The identification of naturally occurring genetic mutations of the FSH receptor has led to a better understanding of the role of FSH in folliculogenesis and has allowed to identify the cause of several syndroms. Inactivating mutations of the follicle stimulating hormone (FSH) receptor have been described in rare cases of premature ovarian failure (POF). We have studied a new patient presenting a complete POF phenotype, with high plasma FSH levels, very low estrogen and inhibin B levels and complete lack of biological response to high doses of recombinant FSH. A novel homozygous mutation was found in this patient. The mutation totally impairs adenylate cyclase stimulation in vitro. Histological studies of the patients ovaries showed an increase in the density of small follicles when compared to age-matched normal women. A complete block in follicular maturation after the primary stage was also observed. This observation supports the concept that FSH seems mandatory for the initiation of follicular growth in humans only after the primary stage. Complete FSH resistance provokes infertility in our patient, remarkably associated with persistence of a high number of small follicles.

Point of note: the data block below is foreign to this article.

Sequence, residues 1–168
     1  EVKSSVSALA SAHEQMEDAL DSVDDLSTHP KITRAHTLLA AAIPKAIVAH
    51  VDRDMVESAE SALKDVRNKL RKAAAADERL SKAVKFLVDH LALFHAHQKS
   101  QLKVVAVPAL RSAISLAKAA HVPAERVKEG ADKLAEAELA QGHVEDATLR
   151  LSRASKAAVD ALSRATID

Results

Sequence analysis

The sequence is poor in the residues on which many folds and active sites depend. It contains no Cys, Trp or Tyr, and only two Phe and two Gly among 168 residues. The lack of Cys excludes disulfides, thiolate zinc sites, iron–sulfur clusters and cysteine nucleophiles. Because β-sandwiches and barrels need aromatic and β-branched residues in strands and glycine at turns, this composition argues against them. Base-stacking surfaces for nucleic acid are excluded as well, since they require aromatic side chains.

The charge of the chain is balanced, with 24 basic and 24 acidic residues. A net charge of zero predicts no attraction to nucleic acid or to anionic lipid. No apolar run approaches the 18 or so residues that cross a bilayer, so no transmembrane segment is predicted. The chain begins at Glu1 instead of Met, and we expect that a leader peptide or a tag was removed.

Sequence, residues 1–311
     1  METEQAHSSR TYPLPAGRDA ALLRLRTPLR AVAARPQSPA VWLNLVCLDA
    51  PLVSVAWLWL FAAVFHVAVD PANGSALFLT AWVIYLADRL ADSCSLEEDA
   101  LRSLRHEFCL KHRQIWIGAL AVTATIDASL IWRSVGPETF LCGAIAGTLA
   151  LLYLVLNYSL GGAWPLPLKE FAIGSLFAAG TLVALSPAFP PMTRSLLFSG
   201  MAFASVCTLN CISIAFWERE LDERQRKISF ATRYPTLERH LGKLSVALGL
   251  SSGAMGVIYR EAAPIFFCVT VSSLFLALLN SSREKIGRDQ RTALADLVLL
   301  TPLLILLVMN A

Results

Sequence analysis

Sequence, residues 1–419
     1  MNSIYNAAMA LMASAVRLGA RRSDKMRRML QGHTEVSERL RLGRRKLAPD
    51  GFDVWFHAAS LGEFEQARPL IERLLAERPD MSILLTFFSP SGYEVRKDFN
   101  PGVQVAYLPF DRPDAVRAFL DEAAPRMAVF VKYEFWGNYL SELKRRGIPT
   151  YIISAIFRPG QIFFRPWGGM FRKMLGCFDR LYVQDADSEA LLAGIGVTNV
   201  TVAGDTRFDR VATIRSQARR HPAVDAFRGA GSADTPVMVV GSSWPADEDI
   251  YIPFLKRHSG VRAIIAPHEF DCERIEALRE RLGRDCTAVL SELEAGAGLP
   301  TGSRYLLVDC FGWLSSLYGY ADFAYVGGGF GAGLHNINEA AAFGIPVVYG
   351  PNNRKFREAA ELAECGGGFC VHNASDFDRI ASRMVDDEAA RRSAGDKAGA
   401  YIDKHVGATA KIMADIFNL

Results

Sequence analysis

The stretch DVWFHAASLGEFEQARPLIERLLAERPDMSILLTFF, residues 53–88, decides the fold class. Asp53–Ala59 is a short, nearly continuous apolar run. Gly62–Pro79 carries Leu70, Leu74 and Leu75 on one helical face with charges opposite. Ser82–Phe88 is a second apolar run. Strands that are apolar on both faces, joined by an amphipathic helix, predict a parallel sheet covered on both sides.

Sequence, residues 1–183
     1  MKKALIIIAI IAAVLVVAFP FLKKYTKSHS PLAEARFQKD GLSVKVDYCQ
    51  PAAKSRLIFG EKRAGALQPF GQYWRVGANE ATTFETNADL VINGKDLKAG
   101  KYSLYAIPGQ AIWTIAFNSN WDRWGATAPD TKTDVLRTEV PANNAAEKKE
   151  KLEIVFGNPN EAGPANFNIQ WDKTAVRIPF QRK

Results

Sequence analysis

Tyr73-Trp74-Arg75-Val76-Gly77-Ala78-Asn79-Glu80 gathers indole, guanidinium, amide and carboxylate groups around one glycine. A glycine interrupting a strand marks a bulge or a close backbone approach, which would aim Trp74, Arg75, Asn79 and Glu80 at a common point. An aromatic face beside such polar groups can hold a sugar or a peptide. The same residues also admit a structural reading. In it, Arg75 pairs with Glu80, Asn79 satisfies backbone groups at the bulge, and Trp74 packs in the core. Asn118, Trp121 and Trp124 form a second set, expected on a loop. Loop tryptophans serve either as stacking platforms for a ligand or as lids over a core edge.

Spontaneous ovarian hyperstimulation (OHSS) is a syndrome occurring during pregnancy. It is a rare event in contrast to iatrogenic OHSS, although mild forms may be underestimated. We describe here a familial case of recurrent spontaneous OHSS. A heterozygous transmembrane mutation of the FSH receptor gene segregated with OHSS in this family. The mutated FSH receptor displayed an abnormal sensitivity to hCG. Broadening of specificity of G Protein-coupled receptors is not a common pathogenic mechanism. Molecular elucidation of this case also enlightens possible pathophysiological mecanisms in iatrogenic OHSS induced by gonadotropins used in assisted reproduction medicine.